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Technology, efficacy, approval … 3 things to know about the Franco-Austrian vaccine Valneva – LCI


RESEARCH – The Franco-Austrian laboratory announces this Tuesday that its candidate vaccine against Covid-19 is entering the phase of phase 3 trials. Technology used, efficiency, approval … here is what you need to know.

It could become the first anti-Covid vaccine of its kind used in Europe before the end of 2021. The Franco-Austrian laboratory Valneva, based in Nantes, announced on Tuesday that the tests for its candidate vaccine with “inactivated virus”, also called VLA2001, are at an advanced stage. He thus hopes to demonstrate “an efficiency greater than 80% (…) before a possible marketing”, declared its managing director Franck Grimaud. But what do we know about this new vaccine? LCI takes stock.

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Covid-19: the challenge of vaccination

How does it work ?

Launched in September 2020, the vaccine candidate from the Valneva laboratory uses a technology more traditional than messenger RNA, called “inactivated virus”. This historic method, dating from the time of Louis Pasteur, is used in particular for the design of influenza vaccines each year, but also for the fight against hepatitis A and polio. It is also used for the Chinese vaccines Sinovac and Sinopharm, currently authorized in a limited number of countries, in Asia and Latin America in particular.

Vaccines with “inactivated virus” contain the virus (or bacteria) “carrier of the disease, or a very similar one”, has recently Explain World Health Organization (WHO). Dangerous elements that are inactivated or killed “using chemicals, heat or radiation”, she explains.

This “ghost” virus thus becomes incapable of infecting cells, and therefore of causing disease. On the other hand, it allows the immune system to develop an appropriate response and protects against infection with the “real” virus. These “inactivated virus” vaccines often require multiple doses or boosters, but cause few side effects.

What efficiency?

As the vaccine is still in the testing phase, it is therefore too early to know its exact rate of effectiveness, especially against severe forms of the virus. This is the first part of the phase 3 trials (carried out on approximately 4,000 patients of all ages) which will have to prove or not the real effectiveness of the treatment before a possible marketing by the end of 2021.

At the beginning of April, the Valneva laboratory welcomed convincing results at the end of the phase 2 trials, with a significant production of antibodies in more than 90% of the participants after having received two injections. The whole “without posing any security problem”, explains the British daily The Guardian.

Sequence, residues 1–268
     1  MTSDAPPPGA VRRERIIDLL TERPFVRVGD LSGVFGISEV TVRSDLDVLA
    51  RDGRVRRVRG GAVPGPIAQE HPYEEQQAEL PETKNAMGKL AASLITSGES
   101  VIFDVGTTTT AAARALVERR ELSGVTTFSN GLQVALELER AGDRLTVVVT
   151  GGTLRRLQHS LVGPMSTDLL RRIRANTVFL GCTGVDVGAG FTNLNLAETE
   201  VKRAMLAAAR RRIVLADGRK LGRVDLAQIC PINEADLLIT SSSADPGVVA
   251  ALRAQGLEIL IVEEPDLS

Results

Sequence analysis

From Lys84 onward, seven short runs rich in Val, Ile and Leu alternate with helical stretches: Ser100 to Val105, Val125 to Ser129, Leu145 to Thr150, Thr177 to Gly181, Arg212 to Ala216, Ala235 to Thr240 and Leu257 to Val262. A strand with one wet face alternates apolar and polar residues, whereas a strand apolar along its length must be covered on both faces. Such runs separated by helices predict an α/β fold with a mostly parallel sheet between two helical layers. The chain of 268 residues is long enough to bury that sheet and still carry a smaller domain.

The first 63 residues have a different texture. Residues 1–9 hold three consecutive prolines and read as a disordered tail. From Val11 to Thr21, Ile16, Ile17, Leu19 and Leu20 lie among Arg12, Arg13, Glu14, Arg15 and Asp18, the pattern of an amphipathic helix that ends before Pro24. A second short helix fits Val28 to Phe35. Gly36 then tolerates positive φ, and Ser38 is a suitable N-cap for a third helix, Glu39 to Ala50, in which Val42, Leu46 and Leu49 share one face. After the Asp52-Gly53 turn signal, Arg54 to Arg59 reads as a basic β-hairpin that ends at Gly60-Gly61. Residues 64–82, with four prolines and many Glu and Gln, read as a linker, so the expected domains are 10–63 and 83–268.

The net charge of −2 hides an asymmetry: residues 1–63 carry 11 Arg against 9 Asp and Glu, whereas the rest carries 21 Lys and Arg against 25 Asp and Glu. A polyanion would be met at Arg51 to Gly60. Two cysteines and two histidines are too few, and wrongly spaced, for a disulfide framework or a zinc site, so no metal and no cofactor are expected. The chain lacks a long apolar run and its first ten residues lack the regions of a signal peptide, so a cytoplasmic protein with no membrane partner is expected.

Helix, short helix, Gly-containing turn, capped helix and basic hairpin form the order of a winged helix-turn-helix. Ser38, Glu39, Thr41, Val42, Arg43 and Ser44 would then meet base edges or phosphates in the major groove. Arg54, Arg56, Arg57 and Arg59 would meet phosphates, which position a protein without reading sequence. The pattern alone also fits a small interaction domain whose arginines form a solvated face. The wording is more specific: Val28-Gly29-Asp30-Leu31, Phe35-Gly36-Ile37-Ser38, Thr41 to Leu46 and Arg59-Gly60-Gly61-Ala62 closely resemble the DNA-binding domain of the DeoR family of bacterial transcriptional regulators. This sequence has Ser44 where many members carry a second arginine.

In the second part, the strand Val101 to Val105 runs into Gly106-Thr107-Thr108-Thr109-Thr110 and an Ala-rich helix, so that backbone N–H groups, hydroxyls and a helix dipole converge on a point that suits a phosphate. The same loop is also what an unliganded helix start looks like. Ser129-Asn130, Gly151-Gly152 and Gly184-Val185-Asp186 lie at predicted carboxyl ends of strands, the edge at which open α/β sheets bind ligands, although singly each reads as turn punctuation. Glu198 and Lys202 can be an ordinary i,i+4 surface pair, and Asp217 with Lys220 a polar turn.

Note that this efficacy remained lower than messenger RNA vaccines, used by the Pfizer-BioNTech and Moderna laboratories, which are around 95%. But would be superior to that of the AstraZeneca and Johnson & Johnson vaccines, which work by viral vector, located between 60 and 70%.

Like all of these vaccines, the level of protection of the Valneva vaccine may decrease over the months and therefore require “regular vaccination” in the years to come, specifies Franck Grimaud.

To which countries?

For now, Valneva is mainly focusing on the European market, where discussions “are still in progress.” The laboratory submitted its request for authorization to the British health authorities on Monday. The United Kingdom has already ordered 100 million doses for 2021-2022.

The director general of the laboratory targets in particular “the part of the population more hesitant about new technologies” but also “adolescents and children” if children under 12 had to resort to vaccination. “A vaccine like ours, with its safety profile may be of interest”, he estimated.

Finally, the vaccine from the Franco-Austrian laboratory will be sent to developing countries where access to the vaccine remains difficult, due to the partial failure of the Covax program, nearly eight months after the start of the campaigns. massive vaccination programs in Western countries.

Read also

  • Vaccination: how France has caught up
  • Pfizer / BioNTech vaccine fully approved in US: what it means

While the tests are currently taking place in the United Kingdom, but also in a complementary way in New Zealand since the beginning of August with people over 56 years old, the results of the third phase should be known at the beginning of the fourth quarter of 2021.. If they were to be validated by the British health authorities in the coming weeks, Valneva would be the first anti-Covid vaccine with “inactivated virus” marketed in a European country before the end of 2021.

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